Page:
# Comprehensive Study of Intermediate and Critical Quality Attributes for Process Control of High-Shear Wet Granulation Using Multivariate Analysis and the Quality by Design Approach

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## Abstract

**:**

## 1. Introduction

## 2. Materials and Methods

#### 2.1. Materials

^{®®}CL-F) were obtained from BASF AG (Ludwigshafen, Germany). Dicalcium phosphate and sodium hydroxide were obtained from Sigma-Aldrich Co. (St. Louis, MO, USA). Microcrystalline cellulose (MCC 101) was obtained from DFE Pharma (Dusseldorf, Germany). F-MELT

^{®®}(Type C) was obtained from Fuji Chemical Industries Co., Ltd. (Toyama, Japan). All other reagents were of analytical or HPLC grade and were used as received.

#### 2.2. Risk Assessment

#### 2.3. Experimental Design to Investigate High-Shear Wet Granulation in Lab Scale

^{®}software (version 10; Stat-Ease Inc., Minneapolis, MN, USA) was used. Response surface design was used to identify the optimal process parameters of high-shear wet granulation to prepare telmisartan granules. The three control factors were agitator speed (p

_{1}), massing time (p

_{2}), and binding suspension addition rate (p

_{3}). IQAs, such as granule hardness (q

_{1}), Carr’s index of granules (q

_{2}), granule size (q

_{3}), granule true density (q

_{4}), granule bulk density (q

_{5}), and granule FE (q

_{6}), and CQAs, such as tablet tensile strength (q

_{7}) and % dissolution (q

_{8}–q

_{11}) were evaluated as responses of experimental design, which were determined during the risk assessment. The best-fit empirical model was used to predict the relationship between control factors and response factors by comparing statistical parameters, such as the probability value (p value), the multiple correlation coefficient (R

^{2}), and adjusted multiple correlation coefficient (adjusted R

^{2}). Contour plots for control factors versus response factors were also presented using the software. To determine the optimized process parameters, the empirical models, which interpreted the relationship between control and response factors, were used. The target response values were the following: maximum tablet tensile strength within the lower (≥ 125 N/cm

^{2}) limit; minimum Carr’s index within the upper (≤ 15) limit; optimal intermediate ranges of dissolved drug at 5 min (72.29–83.29%), 10 min (78.68–88.58%), 15 min (85.00–92.10%), and 30 min (87.21–94.47%). In addition, 95% confidence intervals for the optimal condition were used for the control strategy.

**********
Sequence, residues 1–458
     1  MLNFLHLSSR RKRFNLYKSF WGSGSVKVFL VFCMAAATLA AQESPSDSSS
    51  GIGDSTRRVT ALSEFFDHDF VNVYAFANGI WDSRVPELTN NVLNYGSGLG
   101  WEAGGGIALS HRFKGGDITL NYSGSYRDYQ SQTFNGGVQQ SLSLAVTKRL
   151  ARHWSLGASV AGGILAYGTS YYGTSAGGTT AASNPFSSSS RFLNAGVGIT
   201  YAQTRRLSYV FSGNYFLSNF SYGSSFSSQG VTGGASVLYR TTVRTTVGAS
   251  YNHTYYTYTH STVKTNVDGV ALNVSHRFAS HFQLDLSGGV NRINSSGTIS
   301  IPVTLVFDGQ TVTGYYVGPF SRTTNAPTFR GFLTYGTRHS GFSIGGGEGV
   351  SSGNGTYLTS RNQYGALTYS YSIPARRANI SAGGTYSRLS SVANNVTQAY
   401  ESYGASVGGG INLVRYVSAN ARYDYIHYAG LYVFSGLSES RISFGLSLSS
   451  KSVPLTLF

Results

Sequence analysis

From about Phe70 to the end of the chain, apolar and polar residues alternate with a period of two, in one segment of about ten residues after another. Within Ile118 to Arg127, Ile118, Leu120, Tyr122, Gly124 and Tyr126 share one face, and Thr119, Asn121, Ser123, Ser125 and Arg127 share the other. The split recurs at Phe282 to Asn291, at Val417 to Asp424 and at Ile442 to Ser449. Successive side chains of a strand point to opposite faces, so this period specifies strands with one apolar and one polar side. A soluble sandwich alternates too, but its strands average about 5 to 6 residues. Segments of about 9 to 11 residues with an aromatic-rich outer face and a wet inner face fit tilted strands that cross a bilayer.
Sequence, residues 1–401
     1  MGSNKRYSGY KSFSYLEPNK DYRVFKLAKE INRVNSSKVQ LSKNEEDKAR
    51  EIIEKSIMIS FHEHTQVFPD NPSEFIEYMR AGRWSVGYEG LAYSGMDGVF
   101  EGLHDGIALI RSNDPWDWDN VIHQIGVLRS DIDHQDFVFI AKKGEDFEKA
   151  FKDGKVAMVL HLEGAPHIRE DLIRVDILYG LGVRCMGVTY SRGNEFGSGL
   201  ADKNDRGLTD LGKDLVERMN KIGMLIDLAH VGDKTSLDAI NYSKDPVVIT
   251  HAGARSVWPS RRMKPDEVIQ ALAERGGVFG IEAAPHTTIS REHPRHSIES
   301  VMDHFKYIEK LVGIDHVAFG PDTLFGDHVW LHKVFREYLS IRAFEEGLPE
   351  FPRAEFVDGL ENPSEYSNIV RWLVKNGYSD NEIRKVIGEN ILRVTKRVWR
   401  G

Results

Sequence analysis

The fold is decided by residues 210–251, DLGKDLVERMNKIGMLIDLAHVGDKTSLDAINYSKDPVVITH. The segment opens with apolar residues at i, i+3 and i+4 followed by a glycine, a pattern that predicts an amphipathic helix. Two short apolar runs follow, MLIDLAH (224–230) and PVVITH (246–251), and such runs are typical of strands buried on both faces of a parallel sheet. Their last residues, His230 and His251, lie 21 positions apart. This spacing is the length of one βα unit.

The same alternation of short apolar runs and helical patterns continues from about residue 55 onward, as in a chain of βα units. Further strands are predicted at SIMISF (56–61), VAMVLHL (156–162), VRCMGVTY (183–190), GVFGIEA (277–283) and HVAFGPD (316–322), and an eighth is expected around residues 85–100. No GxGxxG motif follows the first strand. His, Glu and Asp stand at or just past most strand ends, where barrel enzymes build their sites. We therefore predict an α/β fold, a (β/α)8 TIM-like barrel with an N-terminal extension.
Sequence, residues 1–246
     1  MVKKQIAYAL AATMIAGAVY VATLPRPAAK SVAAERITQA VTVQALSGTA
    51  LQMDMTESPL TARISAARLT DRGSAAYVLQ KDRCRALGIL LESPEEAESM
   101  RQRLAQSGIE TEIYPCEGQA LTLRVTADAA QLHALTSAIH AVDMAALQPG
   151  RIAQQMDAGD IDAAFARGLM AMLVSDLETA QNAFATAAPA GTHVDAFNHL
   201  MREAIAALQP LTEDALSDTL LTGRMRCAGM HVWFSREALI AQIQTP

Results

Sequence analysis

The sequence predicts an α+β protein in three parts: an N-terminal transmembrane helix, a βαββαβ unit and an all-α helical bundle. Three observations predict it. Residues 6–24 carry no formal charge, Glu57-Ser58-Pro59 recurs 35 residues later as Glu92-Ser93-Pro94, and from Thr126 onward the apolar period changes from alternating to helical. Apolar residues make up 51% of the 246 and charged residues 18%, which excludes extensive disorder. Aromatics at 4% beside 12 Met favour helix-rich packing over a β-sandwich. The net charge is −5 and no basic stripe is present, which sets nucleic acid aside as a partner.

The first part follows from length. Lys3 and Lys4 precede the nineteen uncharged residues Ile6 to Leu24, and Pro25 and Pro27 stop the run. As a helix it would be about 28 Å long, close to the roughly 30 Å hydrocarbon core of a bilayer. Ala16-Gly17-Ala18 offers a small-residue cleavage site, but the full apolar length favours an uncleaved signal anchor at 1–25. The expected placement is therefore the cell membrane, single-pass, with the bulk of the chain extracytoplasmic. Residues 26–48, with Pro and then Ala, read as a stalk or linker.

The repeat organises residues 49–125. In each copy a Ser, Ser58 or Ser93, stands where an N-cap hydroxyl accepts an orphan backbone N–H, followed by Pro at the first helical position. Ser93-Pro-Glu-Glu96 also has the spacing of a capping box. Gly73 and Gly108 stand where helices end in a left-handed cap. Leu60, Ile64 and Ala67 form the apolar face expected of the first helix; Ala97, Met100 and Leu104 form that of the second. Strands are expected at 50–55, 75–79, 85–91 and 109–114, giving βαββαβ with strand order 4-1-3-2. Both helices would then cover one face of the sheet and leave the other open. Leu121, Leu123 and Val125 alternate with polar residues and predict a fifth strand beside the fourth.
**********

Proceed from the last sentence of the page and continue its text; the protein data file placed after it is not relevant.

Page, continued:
^{®}, D-mannitol dicalcium phosphate, crospovidone, and MCC were filtered with a #30-mesh sieve and then blended for 3 min at 200 rpm; the powder mixture from each experiment was 475 g. A high-shear granulator (Mixer-granulator P 1, DIOSNA Dierks & Söhne GmbH, Germany) with a capacity of 1.23 L was used to prepare the granulation. The agitator speed, massing time, and binding suspension addition rate were set to the predetermined values of the experimental design, and the chopper speed was 2500 rpm. The end point of granulation was determined by monitoring agitator torque. The agitator torque profile provides wet granulation process stages, such as stages 1–4 [40]. Stage 1 represents the initiation of wetting and hence the agitator torque remains relatively constant. Stage 2 represents that agglomeration begins and agitator torque increases. Stage 3 involves the generation of useful granules and a plateau in agitator torque. Stage 4 corresponds to over-wetting with fluctuations in agitator torque. The granules were dried in an oven at 60 °C for 1 h. IQAs, such as granule hardness, Carr’s index, granule true density, granule bulk density, granule FE, and granule particle size were evaluated using the dried granules. The dried granules were introduced into a stainless steel double cone blender (Kopamtec, Anyang, Korea) with a capacity of 20,000 cm

^{3}and a fill-weight of approximately 30% of the mixer volume. Magnesium stearate was introduced into the blender and then blended at 50 rpm for 10 min. The resulting granules were compressed on a single-punch hydraulic laboratory press (Ichihashi Seiki Co., Ltd., Kyoto, Japan) at 15 MPa using a rectangle-shaped punch (15 × 8 mm). CQAs were evaluated using the tablets.

#### 2.4. Measurement of Quality Attributes

#### 2.4.1. Measurement of Granule Hardness and Tablet Tensile Strength

#### 2.4.2. Measurement of Granule Density and Carr’s Index